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Re: Re: <eyebeam><blast> Human=Computer

Simon's discussion of the human/computer analogy via the idea of writing
or language as a technology, I would go along with a lot that Simon has
noted.  I would add, however, that the notion of writing in Foucault,
and, perhaps more importantly, in Blanchot and Derrida after him (all of
these deriving from both an appropriation and critique of Heideggerian
techne/poesis) is far more complex than the simplistic notion of
technology that is usually batted around.  As Heidegger noted, the
essence of technology is nothing technological.  Instead of forcing or
playing accross the analogy of writing or language, it might be more
useful to think of the term language or writing as a source both of the
human and the technological in their "metaphysical" determinations.  Of
course, the idea, fundamentally modernist at its heart, of a post-human
that would be post-metaphysical is deeply metaphysical.  One doesn't get
out of metaphysics so easily.   More to the point, one doesn't get out
of metaphysics.  This has been one of the most persistent misreadings of
"post-structuralism."  The same goes for the "human" (providing even
that there is an adequate determination of that).   Often what is lost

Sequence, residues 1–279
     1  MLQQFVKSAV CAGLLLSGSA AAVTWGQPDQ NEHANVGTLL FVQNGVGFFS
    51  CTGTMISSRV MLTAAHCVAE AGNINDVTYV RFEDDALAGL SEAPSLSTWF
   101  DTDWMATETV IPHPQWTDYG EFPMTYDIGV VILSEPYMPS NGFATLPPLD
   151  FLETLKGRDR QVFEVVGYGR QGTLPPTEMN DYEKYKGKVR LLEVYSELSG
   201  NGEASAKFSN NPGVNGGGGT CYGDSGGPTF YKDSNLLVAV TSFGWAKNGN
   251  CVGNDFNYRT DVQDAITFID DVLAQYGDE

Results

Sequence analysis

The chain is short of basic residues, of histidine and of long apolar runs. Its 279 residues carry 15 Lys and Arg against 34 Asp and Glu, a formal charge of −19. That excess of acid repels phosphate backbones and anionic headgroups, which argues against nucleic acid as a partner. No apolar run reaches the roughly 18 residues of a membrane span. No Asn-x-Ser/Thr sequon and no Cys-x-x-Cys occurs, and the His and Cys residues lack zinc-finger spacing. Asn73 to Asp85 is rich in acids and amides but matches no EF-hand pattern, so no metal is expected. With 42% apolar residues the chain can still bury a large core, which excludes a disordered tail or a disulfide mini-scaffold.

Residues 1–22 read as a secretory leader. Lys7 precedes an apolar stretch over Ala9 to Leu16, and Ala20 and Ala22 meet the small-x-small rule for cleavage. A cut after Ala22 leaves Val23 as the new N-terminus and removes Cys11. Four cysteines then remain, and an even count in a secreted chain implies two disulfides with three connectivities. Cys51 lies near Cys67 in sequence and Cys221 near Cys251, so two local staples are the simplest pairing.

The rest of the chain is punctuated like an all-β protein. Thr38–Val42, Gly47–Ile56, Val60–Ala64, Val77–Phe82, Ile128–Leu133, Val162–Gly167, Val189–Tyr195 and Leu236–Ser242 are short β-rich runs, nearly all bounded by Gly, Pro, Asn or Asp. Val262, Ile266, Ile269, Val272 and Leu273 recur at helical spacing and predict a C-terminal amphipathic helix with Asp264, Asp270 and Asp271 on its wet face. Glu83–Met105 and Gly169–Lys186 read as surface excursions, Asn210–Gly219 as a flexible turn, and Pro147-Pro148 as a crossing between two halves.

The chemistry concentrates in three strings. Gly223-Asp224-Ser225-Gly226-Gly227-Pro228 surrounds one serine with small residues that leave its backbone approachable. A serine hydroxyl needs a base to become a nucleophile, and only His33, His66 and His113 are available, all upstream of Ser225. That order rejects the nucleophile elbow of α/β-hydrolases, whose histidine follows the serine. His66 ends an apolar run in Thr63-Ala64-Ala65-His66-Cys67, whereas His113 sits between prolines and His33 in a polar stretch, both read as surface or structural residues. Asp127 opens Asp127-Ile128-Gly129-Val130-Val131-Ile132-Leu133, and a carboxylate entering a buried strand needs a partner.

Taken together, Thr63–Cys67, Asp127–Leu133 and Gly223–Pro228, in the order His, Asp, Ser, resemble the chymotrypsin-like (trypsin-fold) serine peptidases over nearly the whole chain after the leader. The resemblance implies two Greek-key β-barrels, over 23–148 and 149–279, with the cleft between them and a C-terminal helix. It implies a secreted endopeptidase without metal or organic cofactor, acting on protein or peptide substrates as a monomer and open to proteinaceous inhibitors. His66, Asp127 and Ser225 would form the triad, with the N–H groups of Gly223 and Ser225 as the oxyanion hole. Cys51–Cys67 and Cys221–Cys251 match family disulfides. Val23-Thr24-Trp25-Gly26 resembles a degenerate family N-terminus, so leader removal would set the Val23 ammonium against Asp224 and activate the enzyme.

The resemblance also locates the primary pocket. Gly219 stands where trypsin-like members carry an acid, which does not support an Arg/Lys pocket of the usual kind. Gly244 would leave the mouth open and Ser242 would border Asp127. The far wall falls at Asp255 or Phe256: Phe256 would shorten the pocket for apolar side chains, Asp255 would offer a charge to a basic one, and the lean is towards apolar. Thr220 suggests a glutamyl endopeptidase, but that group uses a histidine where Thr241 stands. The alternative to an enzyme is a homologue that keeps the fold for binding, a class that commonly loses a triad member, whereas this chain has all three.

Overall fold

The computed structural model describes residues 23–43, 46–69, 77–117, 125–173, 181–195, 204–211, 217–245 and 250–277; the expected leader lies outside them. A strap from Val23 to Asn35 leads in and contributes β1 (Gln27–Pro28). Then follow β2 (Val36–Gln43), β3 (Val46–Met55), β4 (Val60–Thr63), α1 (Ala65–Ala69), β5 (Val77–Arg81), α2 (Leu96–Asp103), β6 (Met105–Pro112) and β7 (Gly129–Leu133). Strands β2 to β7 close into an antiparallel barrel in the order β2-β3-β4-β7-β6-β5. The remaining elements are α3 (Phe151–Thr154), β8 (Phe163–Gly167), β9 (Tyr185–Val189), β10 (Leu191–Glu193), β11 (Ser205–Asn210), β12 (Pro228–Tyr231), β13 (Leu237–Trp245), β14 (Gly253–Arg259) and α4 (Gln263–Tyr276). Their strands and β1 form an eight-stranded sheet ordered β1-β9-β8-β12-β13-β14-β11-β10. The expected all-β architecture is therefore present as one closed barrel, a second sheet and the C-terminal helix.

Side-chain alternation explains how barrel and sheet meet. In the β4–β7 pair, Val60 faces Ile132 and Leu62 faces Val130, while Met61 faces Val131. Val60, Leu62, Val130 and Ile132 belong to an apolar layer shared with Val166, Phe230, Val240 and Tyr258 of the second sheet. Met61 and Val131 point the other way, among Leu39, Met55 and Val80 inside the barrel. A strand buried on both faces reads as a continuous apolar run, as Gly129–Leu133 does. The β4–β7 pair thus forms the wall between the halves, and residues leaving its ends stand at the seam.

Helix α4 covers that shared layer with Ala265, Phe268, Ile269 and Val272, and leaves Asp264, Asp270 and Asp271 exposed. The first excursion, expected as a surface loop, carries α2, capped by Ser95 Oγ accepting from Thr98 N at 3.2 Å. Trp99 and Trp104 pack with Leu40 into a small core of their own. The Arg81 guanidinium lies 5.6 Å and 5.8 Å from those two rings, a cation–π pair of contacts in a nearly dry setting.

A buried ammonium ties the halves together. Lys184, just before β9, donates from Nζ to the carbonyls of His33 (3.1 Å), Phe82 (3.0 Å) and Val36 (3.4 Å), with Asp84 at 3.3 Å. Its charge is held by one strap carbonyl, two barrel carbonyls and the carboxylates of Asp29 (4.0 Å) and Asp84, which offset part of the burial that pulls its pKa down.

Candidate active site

in the "new horizon of computer intelligence" narratives that seem so
popular to either love or hate these days is the complex.  It may be
more interesting to question what constitutes the human within the way
it has been determined in the theory that seeks to surpass it.  What may
be post-human may also be profoundly human, if no longer humanist.  
Much of this can be thought about in Derrida's response to Foucault when
he asks "What authorizes Foucault to speak for madness, if from the
point of reason, it has been silenced.  That madness is the
determination of reason" in the article "Cogito and the History of

This article, to me, has the seeds of the terms that would open up the
discussion of the human/computer opposition the way it has been playing
out, since at question in it is precisely the way reason always speaks
through a cipher.  Why does reason need a cipher?   He wonders how
Foucault can claim to speak for madness at the moment of its discursive
constitution through reason. In other words, how is it possible to speak
through the position of alterity to address and critique Reason, if that
position is created and invented by reason as its own alterity.  If
madness belongs to the very constitution of reason, how then can one
critique reason from the pov of madness?   That is Derrida's question
concerning Foucault's position in 1962.  Whether or not Foucault
advanced from this position is a different story, but the question seems
applicable to the human/computer differentiation.

What authorizes the determination of the human from the point of view of
the technological?  I would start there.   I certainly wouldn't to
critique technology, but I wonder if it isn't often used in an extremely
simplistic manner, usually to speak about the human.

Anyway, that's a quick response.    Some thoughts.

Saul Anton

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